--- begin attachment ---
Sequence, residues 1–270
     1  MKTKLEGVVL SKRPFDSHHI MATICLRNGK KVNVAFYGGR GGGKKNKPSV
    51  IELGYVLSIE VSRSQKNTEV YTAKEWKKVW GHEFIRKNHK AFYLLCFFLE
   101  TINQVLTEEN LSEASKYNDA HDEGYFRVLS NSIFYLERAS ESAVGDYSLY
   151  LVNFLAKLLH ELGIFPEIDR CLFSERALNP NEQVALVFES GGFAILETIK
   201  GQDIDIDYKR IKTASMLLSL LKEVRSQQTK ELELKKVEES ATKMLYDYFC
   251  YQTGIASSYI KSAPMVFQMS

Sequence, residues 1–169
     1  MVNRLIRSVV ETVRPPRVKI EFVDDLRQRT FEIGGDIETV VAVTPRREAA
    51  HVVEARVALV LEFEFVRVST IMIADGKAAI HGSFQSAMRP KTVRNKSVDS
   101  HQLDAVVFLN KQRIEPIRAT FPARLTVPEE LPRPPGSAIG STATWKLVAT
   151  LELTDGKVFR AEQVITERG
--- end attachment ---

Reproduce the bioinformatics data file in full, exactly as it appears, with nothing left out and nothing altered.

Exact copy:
Sequence, residues 1–270
     1  MKTKLEGVVL SKRPFDSHHI MATICLRNGK KVNVAFYGGR GGGKKNKPSV
    51  IELGYVLSIE VSRSQKNTEV YTAKEWKKVW GHEFIRKNHK AFYLLCFFLE
   101  TINQVLTEEN LSEASKYNDA HDEGYFRVLS NSIFYLERAS ESAVGDYSLY
   151  LVNFLAKLLH ELGIFPEIDR CLFSERALNP NEQVALVFES GGFAILETIK
   201  GQDIDIDYKR IKTASMLLSL LKEVRSQQTK ELELKKVEES ATKMLYDYFC
   251  YQTGIASSYI KSAPMVFQMS

Sequence, residues 1–169
     1  MVNRLIRSVV ETVRPPRVKI EFVDDLRQRT FEIGGDIETV VAVTPRREAA
    51  HVVEARVALV LEFEFVRVST IMIADGKAAI HGSFQSAMRP KTVRNKSVDS
   101  HQLDAVVFLN KQRIEPIRAT FPARLTVPEE LPRPPGSAIG STATWKLVAT
   151  LELTDGKVFR AEQVITERG